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DULUTH – More than three dozen people were charged in St. Louis County Court this week in connection with a drug trafficking organization operating throughout Minnesota, Wisconsin and Iowa.

At a news conference Thursday, Duluth police officials said they worked with other federal, state and local law enforcement agencies to seize roughly 1,207 grams of meth and 527 grams of heroin and fentanyl in a coordinated drug bust that started Tuesday and led to 35 arrests.

“Logistically, it was the biggest thing that we’ve ever done,” said Duluth Police Lt. Jeff Kazel, commander of the Lake Superior Drug and Violent Crime Task Force.

The trafficking group was tied to the Chicago-based Black P-Stone Gang, according to charges for Ricky An­toinne Osborne, a 36-year-old Rochester man described by prosecutors as the head of the local operation.

Law enforcement arrested 12 people in Rochester, 12 in Duluth, six on the Iron Range, four suspects from other parts of Minnesota and one man from Chicago.

Authorities identified five men in various Department of Corrections facilities who were allegedly recruiting inmates to join their trafficking organization upon their release.

Those men were also charged and could serve longer prison sentences if found guilty, Kazel said.

There are outstanding warrants for 10 additional people believed to be tied to the operation.

Four other arrests not directly related to the trafficking organization were made in Rochester based on evidence uncovered during the investigation.

“Roundups like this will greatly affect the supply of opioids and other drugs in the community,” Kazel said.

“If we can reduce the demand, we won’t be a target for people to come sell here.”

Osborne was charged with six felony drug crimes, as were most of the others linked to the operation, Duluth Police Chief Mike Tusken said.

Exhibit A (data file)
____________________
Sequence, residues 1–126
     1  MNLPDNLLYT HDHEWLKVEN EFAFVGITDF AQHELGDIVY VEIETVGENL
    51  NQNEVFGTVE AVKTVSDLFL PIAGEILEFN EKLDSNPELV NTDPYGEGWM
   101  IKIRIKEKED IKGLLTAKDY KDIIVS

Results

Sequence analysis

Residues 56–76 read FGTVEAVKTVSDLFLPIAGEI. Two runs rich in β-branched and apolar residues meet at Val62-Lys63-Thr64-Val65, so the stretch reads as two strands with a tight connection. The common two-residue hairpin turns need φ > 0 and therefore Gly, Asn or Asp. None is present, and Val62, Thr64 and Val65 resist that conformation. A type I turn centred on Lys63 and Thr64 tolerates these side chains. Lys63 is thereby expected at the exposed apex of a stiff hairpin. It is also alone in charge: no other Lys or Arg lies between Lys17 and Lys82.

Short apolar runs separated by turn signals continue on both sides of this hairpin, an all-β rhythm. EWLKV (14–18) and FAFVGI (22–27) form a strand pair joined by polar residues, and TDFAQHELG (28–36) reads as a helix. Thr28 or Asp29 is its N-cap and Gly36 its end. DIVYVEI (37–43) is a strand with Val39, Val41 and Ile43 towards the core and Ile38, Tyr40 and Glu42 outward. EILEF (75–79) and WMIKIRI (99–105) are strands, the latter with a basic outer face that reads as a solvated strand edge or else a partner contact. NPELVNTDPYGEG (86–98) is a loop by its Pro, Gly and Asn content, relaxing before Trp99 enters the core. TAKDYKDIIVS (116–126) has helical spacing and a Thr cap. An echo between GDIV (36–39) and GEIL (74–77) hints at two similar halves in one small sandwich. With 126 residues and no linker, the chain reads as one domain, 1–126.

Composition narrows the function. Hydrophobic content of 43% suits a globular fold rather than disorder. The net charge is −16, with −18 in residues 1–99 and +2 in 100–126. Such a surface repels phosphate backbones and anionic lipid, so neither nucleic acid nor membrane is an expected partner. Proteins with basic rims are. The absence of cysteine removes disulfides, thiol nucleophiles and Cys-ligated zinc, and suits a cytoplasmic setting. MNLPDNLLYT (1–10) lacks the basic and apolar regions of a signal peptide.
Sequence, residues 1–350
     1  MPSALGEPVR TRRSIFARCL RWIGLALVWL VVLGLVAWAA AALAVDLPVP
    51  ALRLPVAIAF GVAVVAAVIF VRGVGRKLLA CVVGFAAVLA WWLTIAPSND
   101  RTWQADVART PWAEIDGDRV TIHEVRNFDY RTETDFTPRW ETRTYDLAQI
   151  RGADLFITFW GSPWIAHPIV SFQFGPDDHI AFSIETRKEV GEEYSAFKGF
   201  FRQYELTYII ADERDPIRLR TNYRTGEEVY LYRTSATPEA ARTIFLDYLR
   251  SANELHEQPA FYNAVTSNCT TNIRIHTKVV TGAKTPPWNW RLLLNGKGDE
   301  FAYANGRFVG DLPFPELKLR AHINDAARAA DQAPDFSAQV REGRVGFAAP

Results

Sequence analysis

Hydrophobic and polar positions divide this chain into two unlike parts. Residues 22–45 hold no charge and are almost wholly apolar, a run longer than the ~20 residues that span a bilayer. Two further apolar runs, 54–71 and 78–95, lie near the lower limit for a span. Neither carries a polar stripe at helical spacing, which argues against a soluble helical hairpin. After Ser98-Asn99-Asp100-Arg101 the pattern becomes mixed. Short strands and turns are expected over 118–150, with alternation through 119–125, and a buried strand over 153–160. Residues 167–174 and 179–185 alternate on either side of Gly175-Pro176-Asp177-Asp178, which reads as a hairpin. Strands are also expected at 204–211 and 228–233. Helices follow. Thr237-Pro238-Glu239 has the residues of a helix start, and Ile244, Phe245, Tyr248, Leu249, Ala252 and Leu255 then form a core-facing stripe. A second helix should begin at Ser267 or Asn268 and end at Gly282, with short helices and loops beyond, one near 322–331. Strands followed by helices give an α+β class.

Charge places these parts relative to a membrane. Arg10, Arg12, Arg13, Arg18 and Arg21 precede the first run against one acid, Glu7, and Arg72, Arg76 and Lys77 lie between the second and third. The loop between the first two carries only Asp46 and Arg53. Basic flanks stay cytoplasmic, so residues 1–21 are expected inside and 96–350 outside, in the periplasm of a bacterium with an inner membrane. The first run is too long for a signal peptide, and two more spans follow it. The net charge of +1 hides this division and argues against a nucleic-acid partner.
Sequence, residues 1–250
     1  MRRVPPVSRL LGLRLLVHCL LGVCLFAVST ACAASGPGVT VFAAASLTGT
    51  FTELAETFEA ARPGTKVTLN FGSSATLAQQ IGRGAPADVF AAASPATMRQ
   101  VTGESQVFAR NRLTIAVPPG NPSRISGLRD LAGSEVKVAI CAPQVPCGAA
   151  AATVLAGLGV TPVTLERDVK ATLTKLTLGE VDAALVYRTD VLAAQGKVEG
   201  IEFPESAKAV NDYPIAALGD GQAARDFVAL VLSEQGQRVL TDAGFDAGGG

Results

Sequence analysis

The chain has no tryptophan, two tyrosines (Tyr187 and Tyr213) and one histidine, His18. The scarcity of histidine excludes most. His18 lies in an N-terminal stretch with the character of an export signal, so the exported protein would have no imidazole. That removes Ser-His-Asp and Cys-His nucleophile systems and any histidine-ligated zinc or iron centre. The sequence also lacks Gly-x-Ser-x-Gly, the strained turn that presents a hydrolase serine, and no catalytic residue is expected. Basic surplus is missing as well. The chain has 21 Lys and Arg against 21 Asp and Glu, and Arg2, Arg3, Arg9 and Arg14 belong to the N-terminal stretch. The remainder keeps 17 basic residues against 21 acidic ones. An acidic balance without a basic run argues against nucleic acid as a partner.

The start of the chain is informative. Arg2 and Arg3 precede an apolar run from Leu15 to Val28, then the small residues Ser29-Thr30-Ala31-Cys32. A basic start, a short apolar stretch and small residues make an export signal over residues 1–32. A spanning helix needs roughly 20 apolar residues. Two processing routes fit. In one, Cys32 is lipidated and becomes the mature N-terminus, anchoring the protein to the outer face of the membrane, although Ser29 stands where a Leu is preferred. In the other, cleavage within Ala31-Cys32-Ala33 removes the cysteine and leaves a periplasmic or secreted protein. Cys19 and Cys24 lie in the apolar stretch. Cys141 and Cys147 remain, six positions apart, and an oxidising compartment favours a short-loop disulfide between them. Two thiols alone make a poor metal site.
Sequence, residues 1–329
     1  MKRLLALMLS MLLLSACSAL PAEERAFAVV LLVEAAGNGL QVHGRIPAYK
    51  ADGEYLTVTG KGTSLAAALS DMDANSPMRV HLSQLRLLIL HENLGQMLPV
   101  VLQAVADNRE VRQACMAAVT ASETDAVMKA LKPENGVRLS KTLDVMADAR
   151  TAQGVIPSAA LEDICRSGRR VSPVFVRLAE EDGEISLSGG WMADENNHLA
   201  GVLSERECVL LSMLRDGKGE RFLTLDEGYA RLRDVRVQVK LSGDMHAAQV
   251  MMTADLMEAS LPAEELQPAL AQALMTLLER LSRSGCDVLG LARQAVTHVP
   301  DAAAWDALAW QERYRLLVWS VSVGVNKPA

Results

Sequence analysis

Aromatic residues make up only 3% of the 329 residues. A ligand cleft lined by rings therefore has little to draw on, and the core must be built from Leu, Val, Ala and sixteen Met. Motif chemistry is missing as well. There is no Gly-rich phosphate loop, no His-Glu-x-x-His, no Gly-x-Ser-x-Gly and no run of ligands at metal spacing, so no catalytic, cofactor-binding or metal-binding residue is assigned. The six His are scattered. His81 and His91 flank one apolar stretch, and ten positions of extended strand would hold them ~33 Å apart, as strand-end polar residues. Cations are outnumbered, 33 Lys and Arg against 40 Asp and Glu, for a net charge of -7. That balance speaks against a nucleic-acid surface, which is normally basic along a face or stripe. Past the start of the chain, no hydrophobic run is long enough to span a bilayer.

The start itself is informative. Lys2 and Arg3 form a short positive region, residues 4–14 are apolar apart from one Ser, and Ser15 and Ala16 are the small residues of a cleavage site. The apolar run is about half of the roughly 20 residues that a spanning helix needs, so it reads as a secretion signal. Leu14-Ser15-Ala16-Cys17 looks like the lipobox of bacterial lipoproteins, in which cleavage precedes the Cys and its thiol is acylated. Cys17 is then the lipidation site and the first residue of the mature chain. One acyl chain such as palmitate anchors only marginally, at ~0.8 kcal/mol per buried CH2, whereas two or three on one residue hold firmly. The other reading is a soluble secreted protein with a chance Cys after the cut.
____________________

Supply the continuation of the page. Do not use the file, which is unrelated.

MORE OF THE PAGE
Over the course of their investigation, officers made undercover drug purchases, conducted physical surveillance, took confidential statements from informants and obtained search warrants, according to the criminal complaint against Osborne.

They also received permission from the court to track the location of vehicles and intercept electronic and wire communications with Osborne’s cellphone.

Charges said Osborne rarely met directly with buyers; instead, he would direct them to someone in his network, which was concentrated in Rochester, Duluth and northern parts of St. Louis County.

Prosecutors wrote that five individuals — Anthony Osborne Jr., Torrance Elion, Julius Bettis, Rayshawn Motley Jr. and Kenneth Pogorelc— are believed to be directly below Ricky Osborne in the organization’s chain of command. Elion and Bettis had not been arrested as of Thursday morning, according to Duluth police.

The complaint also alleged Osborne and others “conspired to make their mixtures of heroin and fentanyl stronger, to make it more appealing to their consumer base, and make it stronger than what their competition is selling.”

“This is especially concerning as in St. Louis County alone this year there have been approximately 224 overdose incidents, 24 of which resulted in death,” the document said.

St. Louis County Attorney Mark Rubin said law enforcement agencies are in the process of transporting the charged individuals to the county jail in Duluth for their bail hearings.

Rubin added that all cases are being prosecuted in the state courts at this time, though federal charges could still be filed.

Kazel said officials started investigating the operation after receiving a tip about Osborne in late 2019.

Police estimated that the operation sold more than $1 million of opioids, meth and cocaine since the start of the year.

Katie Galioto • 612-673-4478